Years ago, before the J Mays Thunderbird kicked off the American retro car movement, Kevin Pollak was on The Tonight Show discussing an ailing Detroit with car nut Jay Leno. "I think what they need to do is build the '57 Chevy again," Pollak said (I'm paraphrasing from memory). "They must still have the plans sitting on a shelf somewhere. Their current cars suck. The old ones didn't. Dust the old plans off and build it again."
The idea of driving around in a brand-new yet classic automobile is alluring. Taking Pollak's concept further, it would be even better if that classic vehicle was loaded with cutting-edge, modern-day underpinnings. And one man who has turned that concept into reality, in Los Angeles rather than Detroit, is Jonathan Ward.
Ward is the CEO, Lead Designer and Founder of Icon, a company that completely rebuilds three classic off-road vehicles—the Ford Bronco, the Willys Jeep, and the Toyota Landcruiser—and updates them with modern mechanicals and bespoke configurations. [Ed Note: Core77 friend, contributor and forum moderator Michael DiTullo worked on the Icon CJ and FJ packages]
What Icon does are not mere restorations: In addition to completely modernizing the body, suspension, drivetrain, transmission, motor, steering, electrical, and even the seating, they go as far as building custom chassis, tuning and stretching them as per the configurations' requirements. The key things carried over from the original vehicles are the style and the spirit. Everything else is state-of-the-art.
"No one has ever applied real craftsmanship to the blank canvas [these vehicles] can be," says Ward. He and his company have stepped in to fill that gap, creating a sort of niche transportation category armed with technology that a Toyota designer from 1959 could never have envisioned (read about the paint, below!). Hit the jump to learn about some of the surprising hardware sources and manufacturing lengths Icon goes to to produce their FJ series.
The all new aluminum body - 5/32" thick and built like a tank - captures the original Land Cruiser character, but with even greater longevity and resistance to the elements. "The chassis is a work of art," Ward says, "engineered from scratch to meet the demands of decades of harsh uses. It is constructed in 2"x 4"x 0.180" mild steel and mandrel-bent, utilizing state of the art technology to create rigid, wrinkle-free frame rails. Accessory mounts are precision cut by laser and formed to our exact CAD dimension files. All these durable products are then loaded onto a chassis-specific jig table and hand welded by expert craftsmen."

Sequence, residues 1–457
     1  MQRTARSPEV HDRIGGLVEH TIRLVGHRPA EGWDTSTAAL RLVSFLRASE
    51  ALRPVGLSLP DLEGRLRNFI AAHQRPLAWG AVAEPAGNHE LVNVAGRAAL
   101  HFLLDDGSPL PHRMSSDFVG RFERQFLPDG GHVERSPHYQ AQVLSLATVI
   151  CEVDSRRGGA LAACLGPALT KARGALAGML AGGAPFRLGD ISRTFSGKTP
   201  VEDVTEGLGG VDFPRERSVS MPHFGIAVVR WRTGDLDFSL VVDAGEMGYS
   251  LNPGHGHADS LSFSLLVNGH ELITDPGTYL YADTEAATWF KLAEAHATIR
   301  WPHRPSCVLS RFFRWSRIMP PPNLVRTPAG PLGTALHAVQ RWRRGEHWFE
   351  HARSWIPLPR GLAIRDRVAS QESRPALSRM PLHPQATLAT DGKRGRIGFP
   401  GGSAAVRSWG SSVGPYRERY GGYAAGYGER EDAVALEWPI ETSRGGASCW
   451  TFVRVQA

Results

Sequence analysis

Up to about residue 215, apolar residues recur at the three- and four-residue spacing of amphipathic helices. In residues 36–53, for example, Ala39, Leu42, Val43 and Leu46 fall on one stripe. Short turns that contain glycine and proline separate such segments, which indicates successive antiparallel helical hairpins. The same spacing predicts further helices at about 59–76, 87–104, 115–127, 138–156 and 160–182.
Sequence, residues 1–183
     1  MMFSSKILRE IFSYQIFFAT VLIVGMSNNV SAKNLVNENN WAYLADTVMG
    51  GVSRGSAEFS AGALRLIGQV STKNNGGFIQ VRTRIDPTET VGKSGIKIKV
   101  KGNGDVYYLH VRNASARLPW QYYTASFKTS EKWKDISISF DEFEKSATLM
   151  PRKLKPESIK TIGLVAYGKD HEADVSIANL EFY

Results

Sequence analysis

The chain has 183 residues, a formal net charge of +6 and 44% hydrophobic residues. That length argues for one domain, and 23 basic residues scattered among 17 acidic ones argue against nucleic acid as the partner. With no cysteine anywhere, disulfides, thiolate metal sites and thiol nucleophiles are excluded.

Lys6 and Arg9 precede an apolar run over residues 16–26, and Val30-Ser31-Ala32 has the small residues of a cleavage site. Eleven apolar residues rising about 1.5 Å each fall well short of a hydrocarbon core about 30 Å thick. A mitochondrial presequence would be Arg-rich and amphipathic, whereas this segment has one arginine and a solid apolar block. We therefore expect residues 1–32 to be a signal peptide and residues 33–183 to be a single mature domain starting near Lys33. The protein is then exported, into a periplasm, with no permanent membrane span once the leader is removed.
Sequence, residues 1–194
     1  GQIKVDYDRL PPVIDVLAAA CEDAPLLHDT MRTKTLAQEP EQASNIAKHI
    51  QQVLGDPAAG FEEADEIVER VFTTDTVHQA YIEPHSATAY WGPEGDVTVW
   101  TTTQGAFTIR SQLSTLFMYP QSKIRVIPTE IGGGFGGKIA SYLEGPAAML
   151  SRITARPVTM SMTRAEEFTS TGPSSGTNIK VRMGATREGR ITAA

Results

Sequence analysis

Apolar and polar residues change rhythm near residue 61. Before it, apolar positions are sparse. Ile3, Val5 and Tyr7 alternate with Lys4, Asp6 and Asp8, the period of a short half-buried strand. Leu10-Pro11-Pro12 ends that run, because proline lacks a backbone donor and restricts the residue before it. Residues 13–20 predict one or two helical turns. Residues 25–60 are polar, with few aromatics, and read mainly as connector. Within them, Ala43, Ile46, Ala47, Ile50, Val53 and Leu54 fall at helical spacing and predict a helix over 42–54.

The ICON's proprietary finish is a Teflon polyester hybrid super durable powder coat that was originally conceived for architectural uses. Each panel is hand finished before assembly, then the underside of the main body and fenders, and the inside floor surfaces, are covered in a heat-cured polyurea coating to reduce vibration and heat transfer. These finishes, which never need waxing and require virtually no maintenance, enable the ICON to survive the most antagonistic trails. And with no CFCs or VOCs, they help minimize environmental impact.
The ICON's versatile soft top is tailored in high quality three- ply german canvas. The seats are finished in top-of-the-line german marine-rated vinyl and a tough UV-resistant center textile that can be found at the Museum of Modern Art and on patio furniture at the Wynn hotels.
Ward investigates unusual sources for many of the ICON's parts. The sun visor comes from a Lear jet. The husky latches that secure the fold-down windshield to the hood are vintage commercial freezer door hardware. When Ward couldn't find dash control knobs that suited his standards of durability and aesthetics, he had them cut from aluminum, knurled, engraved and hand enameled. For interior fabrics he goes to the pacific design Center, not to the usual automotive suppliers.
In his standards for fit and finish, Ward's processes rival industrial, marine and aircraft applications. Even before attachment of the body, the ICON chassis is a rolling sculpture - more an industrial tool than the disposable designs of high volume automotive manufacturers.
If god is in the details, the ICON is a 4x4 temple of divine manifestation. It is exhilarating to imagine the level of ingenuity and non-compromise that has gone into the realization of this dream vehicle. Jonathan Ward has considered everything, and all with this purpose: To make the ICON so capable, dependable and simple, you never have to give it a thought during your adventures.